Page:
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Review by Brad Green:
There’s a sparse, plaintive trumpet here that would be perfect in an old film noir. Of course then it would fill the entire soundtrack: inflecting its phrases as Sam or Phil investigate their thin leads; delivering a warning trill as they lock wits with femme fatales; and resolving back into a haunting, gentle cry as they return to their dimly lit, lonely rooms. 

But this is so-called neo-noir: a walk on the dark side of the violently sleazy rather than the romantically seedy. So we hear the trumpet only rarely and briefly, between gushes of sonic mayhem. 

Thomas Newman is at his most experimental on this score, deploying such instrumentation as “tube + amp + gain”, “resonating metals” and “layered drones”. There is very little in the way of thematic consistency, and cohesiveness relies on Newman-esq mannerisms and an unwaveringly uneasy mood. 

Aside from the trumpet and the odd snatch of lucid melody, there is no great grab for our emotions. Any entertainment value derives from the inventiveness. Each cue offers a new expression through its arrangement of timbres, usually featuring at least one tonality that is sculptured in particularly compelling fashion.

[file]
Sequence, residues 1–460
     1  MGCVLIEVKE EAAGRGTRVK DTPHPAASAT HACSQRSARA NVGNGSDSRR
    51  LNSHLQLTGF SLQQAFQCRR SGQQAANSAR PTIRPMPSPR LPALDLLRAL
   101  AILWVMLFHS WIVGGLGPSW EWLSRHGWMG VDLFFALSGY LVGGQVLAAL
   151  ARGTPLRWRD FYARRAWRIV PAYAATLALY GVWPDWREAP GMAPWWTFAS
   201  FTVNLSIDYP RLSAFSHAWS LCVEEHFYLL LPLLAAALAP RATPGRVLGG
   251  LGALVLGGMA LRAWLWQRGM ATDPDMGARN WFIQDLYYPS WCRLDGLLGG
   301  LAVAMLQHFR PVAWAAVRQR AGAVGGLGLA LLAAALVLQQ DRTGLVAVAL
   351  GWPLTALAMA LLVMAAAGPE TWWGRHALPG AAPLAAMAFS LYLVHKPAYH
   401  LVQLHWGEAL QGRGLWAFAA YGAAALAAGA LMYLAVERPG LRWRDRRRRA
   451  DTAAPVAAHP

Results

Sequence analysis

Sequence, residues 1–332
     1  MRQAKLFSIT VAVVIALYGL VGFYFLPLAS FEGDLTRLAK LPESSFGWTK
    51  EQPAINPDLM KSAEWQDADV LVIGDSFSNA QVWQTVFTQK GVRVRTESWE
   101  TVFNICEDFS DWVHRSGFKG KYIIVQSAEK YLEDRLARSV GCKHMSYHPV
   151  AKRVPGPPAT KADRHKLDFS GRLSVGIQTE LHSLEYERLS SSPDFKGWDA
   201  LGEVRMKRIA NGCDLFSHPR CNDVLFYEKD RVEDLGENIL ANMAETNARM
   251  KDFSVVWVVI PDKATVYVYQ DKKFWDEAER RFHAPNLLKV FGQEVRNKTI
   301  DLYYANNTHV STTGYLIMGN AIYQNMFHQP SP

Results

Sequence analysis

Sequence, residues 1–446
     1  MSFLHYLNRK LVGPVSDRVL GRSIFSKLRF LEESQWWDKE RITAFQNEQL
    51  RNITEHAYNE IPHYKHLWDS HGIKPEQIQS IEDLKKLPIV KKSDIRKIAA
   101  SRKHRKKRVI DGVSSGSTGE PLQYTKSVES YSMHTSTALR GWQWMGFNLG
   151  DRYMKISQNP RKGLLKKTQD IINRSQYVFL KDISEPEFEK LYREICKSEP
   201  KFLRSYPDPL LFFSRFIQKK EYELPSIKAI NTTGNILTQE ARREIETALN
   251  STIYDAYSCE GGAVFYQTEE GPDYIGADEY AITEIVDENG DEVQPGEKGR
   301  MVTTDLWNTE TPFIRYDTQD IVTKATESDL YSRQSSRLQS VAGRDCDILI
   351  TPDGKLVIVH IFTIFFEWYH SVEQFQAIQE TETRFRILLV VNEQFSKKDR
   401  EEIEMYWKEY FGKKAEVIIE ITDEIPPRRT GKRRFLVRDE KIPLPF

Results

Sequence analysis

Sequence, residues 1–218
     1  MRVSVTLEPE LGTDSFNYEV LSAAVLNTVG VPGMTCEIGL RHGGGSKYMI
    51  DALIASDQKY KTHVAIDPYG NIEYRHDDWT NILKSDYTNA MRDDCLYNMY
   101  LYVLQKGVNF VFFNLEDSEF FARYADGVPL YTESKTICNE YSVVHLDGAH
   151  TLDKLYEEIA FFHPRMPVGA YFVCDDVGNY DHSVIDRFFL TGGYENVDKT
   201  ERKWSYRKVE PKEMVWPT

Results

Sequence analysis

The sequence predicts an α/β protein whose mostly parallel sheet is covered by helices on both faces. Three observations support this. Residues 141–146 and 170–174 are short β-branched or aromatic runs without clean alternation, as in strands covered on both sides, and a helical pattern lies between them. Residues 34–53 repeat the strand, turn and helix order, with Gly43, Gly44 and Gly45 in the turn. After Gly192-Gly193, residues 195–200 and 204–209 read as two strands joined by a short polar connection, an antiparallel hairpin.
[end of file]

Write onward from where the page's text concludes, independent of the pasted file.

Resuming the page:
On the first cue it is a heart-thumping bass, with a tone deeper than the Mariana Trench. Its pulse pins down the acoustic guitar runs and arpeggios that are also supported by a thin carpet of strings and sussurating percussion. Later in the score, we are assailed with short spurts of explosive guitars and backwards cymbals; and even a cliched rock riff, which has been put through the phaser-effect mill and elevated with bass and congas. 

On other occasions, moods segue rapidly. An effect that sounds like rolling mist beckons demonic voice samples and extended bursts of industrial-cum-jungle rhythms. 

Although the music consistently carries the Newman signature, on only one track do we hear his most distinctive trademark: an iterative riff of pitched percussion. In this instance, it incorporates an even more stringent dissonance and sharper edge than the American Beauty motifs. 

There is a constant shifting throughout the soundtrack between tension and relief, claustrophobia and spaciousness. Aggressive mechanical sounds are juxtaposed with a couple of laid-back cues of electric lounge jazz and noodling piano; and exotic adornments begin to emerge as the score develops. 

Wrapping over the variety is an ultra-clean guitar. We are consistently returned to its loose arpeggios, which seem played by some sad busker in a reverberant side-street. Of course there is always a surprise down the next lane. The very last cue is actually a tutorial on how to yodel! Yes, really.

All these sounds are enclosed in the demi-world of a repugnant yet strangely fascinating sub-culture. If you want to be immersed in an atmosphere of low-life, drugs and brutality then this is the score for you. Which is not quite the bad sell it might seem. It can be revealing to dive into a discomfort zone, especially when the ghost of humanity hovers over the mire; in this case embodied in that sporadic, haunting trumpet.

Published May 29, 2003

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TITLE: Salton Sea
ID: 302 065 351 2
Varese Sarabande
SCORE: Thomas Newman

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